Two Georgians who believe they've died, and yet lived. Kathleen Hall and Tommy Thomason both believe they've had a brush with death. For Kathleen after being hit by a car remembers an immediate sense of autonomy and wholeness and completeness -- love. Tommy said his near-death experience led him to see and communicate with his late grandfather.
 

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May 21, 2012 - Reported in myfoxatlanta.com. Printer friendly version here. Video of news story here.

Atlanta - Most of us have wondered what it will be like when we die. Is it the end, or does life go on? For most of us, dying will be a one-shot deal. We won't know what it's like until we get there. But FOX 5 found two Georgians who believe they've died, and yet lived. Kathleen Hall and Tommy Thomason both believe they've had a brush with death. For Kathleen, a Habersham County stress expert, author and animal rescuer, it happened two years ago. In Los Angeles on business, after her flight was delayed, she got an idea.

"I am going to take a walk down Rodeo Drive and back. It is the most beautiful place," she said. As she stepped into a crosswalk, she was hit. "The next thing I said was ‘I'm dead.  This is so interesting! I am dead,'" said Hall. Kathleen says she was surrounded by dense white clouds. "An immediate sense of autonomy and wholeness and  completeness -- love," Hall said. Then, she says she sensed that she couldn't stay.

"And I thought, "Oh my gosh.  I may be in the process of being sent back, and maybe you're supposed to plead your case! So I went, ‘Here's how it is, God,'" said Hall "Then it got really quiet again, peaceful.  And then I panicked again, and said, ‘Please don't send me back! I want to be here!'… I heard, I heard sirens, I heard somebody yell, she's dead….It was just like that quick. Immediately brought back into my body."

For Tommy Thomason,  a veteran sergeant with the Newton County Sheriff's office, death came calling 43 years ago. He was 19 and newly married. "I was a brand new dad, I had a 5-month-old baby daughter and I was working at a factory here in Covington that manufactured screening wire," said Thomason.

In a split second, a short in the machine he was operating sparked and Tommy was electrocuted. "But I remember at the moment of the accident, I saw liquid colors," said Tommy. "They were vivid, vibrant, deeper, richer -- nothing that you could see here." Tommy said everything faded to black and he saw light in the distance.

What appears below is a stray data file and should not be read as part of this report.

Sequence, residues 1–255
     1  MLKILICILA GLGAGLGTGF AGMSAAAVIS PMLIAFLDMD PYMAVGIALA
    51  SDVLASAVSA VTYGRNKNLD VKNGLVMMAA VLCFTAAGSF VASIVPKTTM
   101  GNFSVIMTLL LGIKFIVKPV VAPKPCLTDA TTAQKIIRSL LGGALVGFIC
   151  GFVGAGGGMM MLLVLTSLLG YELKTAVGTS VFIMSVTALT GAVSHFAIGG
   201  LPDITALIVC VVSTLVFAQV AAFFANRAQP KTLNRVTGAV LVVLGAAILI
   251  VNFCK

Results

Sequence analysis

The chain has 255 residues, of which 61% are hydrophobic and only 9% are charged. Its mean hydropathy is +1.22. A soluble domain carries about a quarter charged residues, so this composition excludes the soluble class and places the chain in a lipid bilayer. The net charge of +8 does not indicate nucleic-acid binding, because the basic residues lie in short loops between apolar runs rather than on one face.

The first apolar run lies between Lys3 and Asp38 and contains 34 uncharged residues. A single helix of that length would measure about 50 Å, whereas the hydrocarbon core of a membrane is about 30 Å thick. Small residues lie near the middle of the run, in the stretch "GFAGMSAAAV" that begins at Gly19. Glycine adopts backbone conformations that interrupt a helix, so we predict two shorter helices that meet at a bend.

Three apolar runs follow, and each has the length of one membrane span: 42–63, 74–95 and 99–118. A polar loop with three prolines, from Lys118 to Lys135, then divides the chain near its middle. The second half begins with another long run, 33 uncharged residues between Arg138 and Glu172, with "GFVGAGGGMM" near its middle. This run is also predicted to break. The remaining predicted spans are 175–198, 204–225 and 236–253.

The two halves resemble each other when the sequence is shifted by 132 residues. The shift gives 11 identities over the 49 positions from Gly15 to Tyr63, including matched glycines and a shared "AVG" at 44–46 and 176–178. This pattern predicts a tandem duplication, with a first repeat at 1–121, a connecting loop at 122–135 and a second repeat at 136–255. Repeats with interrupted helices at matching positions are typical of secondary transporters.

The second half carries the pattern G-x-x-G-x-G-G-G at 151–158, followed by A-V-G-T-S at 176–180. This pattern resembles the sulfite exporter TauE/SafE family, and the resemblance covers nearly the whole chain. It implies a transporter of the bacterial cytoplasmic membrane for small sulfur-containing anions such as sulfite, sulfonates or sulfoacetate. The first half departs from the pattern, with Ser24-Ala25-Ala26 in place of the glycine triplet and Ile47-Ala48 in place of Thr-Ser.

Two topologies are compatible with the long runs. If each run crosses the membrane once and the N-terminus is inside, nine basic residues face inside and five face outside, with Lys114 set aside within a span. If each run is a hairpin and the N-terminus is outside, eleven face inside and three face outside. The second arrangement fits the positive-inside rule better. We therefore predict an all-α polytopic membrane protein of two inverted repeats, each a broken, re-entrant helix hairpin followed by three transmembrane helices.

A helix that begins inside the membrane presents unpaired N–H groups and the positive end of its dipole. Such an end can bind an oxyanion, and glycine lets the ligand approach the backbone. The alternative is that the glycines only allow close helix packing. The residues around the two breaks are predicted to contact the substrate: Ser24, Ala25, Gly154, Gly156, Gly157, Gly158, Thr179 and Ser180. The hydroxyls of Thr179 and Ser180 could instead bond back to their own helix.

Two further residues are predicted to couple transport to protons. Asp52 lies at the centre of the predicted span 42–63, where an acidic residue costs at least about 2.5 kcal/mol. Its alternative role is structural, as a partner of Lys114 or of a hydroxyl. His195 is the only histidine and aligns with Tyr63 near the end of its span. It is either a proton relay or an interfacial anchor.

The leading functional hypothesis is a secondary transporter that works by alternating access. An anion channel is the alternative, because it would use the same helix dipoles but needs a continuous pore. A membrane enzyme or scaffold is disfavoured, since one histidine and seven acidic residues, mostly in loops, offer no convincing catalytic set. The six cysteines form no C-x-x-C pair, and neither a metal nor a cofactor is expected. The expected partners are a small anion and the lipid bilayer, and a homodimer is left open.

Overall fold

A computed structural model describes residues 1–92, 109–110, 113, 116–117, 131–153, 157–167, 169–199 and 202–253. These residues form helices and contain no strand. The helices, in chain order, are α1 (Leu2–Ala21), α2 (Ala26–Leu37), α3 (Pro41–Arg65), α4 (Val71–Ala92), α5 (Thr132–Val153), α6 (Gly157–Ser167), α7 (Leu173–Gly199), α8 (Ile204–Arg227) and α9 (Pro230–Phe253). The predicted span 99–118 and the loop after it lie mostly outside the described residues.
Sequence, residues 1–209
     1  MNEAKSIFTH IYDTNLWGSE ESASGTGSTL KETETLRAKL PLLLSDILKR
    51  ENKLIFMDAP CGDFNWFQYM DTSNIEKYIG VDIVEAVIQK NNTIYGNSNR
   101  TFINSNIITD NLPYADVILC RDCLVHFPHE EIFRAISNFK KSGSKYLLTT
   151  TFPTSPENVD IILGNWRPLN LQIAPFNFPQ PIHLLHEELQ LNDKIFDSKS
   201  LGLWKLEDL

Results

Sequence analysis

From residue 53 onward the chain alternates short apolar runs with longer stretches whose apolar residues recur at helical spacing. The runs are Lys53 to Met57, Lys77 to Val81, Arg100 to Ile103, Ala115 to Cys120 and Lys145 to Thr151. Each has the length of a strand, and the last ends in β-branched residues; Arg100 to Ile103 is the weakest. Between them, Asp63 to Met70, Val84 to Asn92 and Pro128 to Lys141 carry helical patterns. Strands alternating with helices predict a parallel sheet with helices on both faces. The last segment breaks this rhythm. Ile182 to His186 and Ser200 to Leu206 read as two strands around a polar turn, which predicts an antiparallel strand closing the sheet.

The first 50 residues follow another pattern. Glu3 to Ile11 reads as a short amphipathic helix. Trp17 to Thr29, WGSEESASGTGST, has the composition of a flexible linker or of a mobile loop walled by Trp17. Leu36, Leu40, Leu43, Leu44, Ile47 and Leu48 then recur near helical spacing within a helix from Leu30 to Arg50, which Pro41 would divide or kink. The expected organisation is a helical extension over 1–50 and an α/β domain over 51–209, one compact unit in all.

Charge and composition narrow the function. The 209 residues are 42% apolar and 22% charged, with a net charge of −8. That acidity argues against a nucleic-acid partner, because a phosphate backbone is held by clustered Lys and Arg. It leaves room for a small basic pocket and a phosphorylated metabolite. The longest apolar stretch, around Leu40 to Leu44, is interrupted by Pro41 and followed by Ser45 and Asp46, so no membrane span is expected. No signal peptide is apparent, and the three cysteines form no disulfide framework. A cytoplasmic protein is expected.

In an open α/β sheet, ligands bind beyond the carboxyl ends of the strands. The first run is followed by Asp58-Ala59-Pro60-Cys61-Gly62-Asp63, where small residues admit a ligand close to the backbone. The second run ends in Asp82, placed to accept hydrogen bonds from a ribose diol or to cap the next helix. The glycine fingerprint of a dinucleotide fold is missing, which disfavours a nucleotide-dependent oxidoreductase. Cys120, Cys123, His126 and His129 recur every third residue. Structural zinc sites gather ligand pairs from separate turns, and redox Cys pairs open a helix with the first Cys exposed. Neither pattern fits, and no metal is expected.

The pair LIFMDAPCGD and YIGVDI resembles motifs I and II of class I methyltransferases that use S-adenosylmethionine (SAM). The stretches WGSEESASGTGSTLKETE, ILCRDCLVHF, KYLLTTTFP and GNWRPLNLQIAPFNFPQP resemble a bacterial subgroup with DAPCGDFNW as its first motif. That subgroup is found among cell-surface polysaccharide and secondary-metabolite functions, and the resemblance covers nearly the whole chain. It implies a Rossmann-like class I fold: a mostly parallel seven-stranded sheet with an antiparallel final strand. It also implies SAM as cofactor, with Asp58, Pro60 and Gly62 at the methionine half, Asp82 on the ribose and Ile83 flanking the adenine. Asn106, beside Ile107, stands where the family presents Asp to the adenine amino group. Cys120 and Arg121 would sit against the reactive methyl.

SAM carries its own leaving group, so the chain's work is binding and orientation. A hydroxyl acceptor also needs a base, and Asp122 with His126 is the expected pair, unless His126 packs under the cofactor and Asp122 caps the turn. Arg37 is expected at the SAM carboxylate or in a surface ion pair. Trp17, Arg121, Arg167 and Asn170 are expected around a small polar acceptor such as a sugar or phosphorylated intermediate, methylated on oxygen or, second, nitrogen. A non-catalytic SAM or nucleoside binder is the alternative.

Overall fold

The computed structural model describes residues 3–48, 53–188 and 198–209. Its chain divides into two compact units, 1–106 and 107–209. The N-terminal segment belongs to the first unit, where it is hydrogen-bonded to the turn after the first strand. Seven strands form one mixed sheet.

"As I got closer, the light got brighter and brighter, warmer and warmer…I felt welcomed. Loved, I felt like I belonged there," said Tommy. He remembers being on a path, "When I first stepped out I wondered, ‘Wow!  Where is this?' But then curiosity took over, and I wanted to see where the path went," said Tommy.

That's when he say he saw a foot bridge. "I could see someone approach it from the other side.  I couldn't see who it was, I could just tell it was a figure dressed in white.  And iridescent, brilliant white," he said. "And then this figure looked up and it was my grandfather." His "Papa Jim" had been dead for four years. "And he looked up and smiled at me.  Just the feeling that, ‘That's my Grandpa!'  And I started toward the bridge, and he spoke, but he didn't speak. I perceived the thoughts in my head," said Tommy. "He was saying, ‘No, you can't come now.'…He says, ‘You got to go back, you're not ready.' But I told him, ‘I want to come with you.'  He says, ‘No you can't come now.'"

He woke in an emergency room. Both Tommy and Kathleen were left wondering, why did they have to come back? "I was really struggling, and I had a traumatic brain injury," said Hall. "I could not understand why I came back, and I was furious." But a year later, on a flight to Chicago, Kathleen was again surrounded by white clouds. That's when it hit her.
 
"I sat there and with my heart said, "What was it, what did I come back for?"  And this almost whisper said, ‘Joy,'" said Hall. "And I sat on that Delta flight and just wept.  And I went, ‘Joy?  I thought I had to build something else or write another book or do something else.' And it wasn't about doing -- it was about experiencing pure joy for the time that I had left."  

Tommy said he doesn't fear death, but is in no hurry to die. "I feel like I've still got a lot of living left  to do here," he said. "Once you cross that river, you have eternity to spend over there." Tommy says he's still not sure why he was brought back, but soon after his accident he started training in CPR. Over the years, he's saved several lives. One of them was his former high school principal.

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